Tag Archives: post-war

Missing the Show and, Perhaps, the Point of Brunner

Threshold, 2011, Oil on canvas, 79 x 117

Frank Brunner and Michael De Kok; Bertand DeLaCroix; 535 West 25th Street, New York, NY 10001; June 9th, 2011 until July 14th, 2011

Threshold, 2011, Oil on canvas, 79 x 117

You may have missed the Frank Brunner and Michael De Kok exhibition (which ended July 14th) but you don’t have to miss the art. Specifically, I write of painting by Frank Brunner. Born in Norway, Brunner has shown globally … Continue reading »

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The World Is Super Flat: Ultimate Art (Part 3 of 3)–C’est fin! Yay!

Suiko, Eternity, Hiroshima (April 2007) Spray paint on wall.

The postwar (World War II) state of affairs of Japan dramatically paralleled the social postwar struggle during the Edo period; yet quite opposite of Edo-period concerns with national isolation, postwar Japan reflected upon globalization’s effect on Japanese identity. Due to the interrelations between nations, Japan’s feudal divisions between rural and urban areas weakened by closing the gap between incomes due to the American occupancy during the 1940s. Moreover, by the … Continue reading »

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The World Is Super Flat: Ultimate Art (Part 2 of 3)

Figure A: Ippitsussai Bunchô, Lovers Spied upon by a Little Boy, Yoshiwara, (c. 1770-80) Color woodcut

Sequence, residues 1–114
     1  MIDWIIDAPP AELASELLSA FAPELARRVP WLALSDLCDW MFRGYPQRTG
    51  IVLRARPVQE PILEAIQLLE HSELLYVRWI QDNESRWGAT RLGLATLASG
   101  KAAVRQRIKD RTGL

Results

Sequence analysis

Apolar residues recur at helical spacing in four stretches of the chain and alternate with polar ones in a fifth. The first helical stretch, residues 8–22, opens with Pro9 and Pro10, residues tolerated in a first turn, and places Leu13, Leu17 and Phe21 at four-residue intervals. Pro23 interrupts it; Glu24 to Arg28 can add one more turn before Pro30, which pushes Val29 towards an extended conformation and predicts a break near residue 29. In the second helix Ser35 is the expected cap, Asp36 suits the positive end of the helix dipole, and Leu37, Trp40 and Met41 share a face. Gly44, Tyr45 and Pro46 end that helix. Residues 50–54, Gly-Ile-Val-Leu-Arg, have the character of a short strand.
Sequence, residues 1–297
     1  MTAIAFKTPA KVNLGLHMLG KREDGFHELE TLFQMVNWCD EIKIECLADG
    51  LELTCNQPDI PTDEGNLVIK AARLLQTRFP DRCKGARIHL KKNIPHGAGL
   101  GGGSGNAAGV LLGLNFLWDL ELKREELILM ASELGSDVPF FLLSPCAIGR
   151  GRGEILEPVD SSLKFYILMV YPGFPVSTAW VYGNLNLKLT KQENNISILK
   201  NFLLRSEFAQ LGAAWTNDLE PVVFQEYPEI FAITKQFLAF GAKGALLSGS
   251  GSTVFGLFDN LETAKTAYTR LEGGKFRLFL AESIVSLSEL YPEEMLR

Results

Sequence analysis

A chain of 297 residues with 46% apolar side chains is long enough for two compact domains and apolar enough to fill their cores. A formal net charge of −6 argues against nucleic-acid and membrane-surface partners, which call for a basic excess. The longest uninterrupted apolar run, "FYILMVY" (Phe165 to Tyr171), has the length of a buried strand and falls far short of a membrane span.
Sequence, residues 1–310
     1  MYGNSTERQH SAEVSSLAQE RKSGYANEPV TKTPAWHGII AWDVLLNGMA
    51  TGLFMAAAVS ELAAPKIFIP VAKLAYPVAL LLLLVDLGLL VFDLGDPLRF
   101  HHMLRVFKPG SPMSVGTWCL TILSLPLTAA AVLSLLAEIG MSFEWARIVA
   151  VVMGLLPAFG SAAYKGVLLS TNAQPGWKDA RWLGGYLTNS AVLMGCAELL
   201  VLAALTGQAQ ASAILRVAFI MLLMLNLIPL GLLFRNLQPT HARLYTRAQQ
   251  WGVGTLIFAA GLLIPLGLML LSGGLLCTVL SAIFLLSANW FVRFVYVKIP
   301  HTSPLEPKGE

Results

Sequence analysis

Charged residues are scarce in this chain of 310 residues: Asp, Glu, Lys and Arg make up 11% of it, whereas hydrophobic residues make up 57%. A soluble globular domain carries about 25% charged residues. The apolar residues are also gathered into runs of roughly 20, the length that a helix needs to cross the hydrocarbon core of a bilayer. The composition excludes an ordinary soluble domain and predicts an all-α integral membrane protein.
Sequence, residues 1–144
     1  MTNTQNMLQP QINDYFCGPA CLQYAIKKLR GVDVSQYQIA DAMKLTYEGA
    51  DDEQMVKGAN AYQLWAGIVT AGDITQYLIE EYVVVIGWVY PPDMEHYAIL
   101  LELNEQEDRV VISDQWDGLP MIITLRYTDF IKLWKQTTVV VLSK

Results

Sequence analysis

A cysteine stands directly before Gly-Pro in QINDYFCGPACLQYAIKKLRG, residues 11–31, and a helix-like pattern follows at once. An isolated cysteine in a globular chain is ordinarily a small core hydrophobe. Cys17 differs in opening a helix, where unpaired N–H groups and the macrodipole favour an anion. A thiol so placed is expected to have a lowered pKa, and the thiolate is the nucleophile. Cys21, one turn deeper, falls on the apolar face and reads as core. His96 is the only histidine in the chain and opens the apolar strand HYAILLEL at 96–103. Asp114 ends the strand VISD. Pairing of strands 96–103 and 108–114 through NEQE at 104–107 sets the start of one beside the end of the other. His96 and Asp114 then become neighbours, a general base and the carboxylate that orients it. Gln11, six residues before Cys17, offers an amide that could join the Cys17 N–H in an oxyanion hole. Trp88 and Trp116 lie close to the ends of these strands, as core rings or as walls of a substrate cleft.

The ukiyo-e—translate to “pictures of the floating world” and are woodblock prints—exemplify an infamous Edo-period subversive art form due to their strong association to ukiyo, “floating world,” subject matter and premodern city life. Ippitsussai Bunchô’s (unsigned, due to the erotic subject matter, but attributed to Bunchô) colored woodcut entitled Lovers Spied upon by a Little Boy, circa 1770-80 portrays a highly-contrived, erotic scene delineating an intimate encounter between a girl … Continue reading »

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The World Is Super Flat: Ultimate Art (Part 1 of 3)

The formation of authentic identity has prevailed as a common goal in Japanese art since the Edo period; yet more specifically, the tension between an unfolding dichotomy of social axioms and dissident ideologies has rendered a subjacent art lineage, incongruent with politically-influenced commissions. Both periods’ subcultures offer a severe artistic approach countering enforced conformity, but each responds to a different political circumstance and technological advancement. In both periods, the usages … Continue reading »

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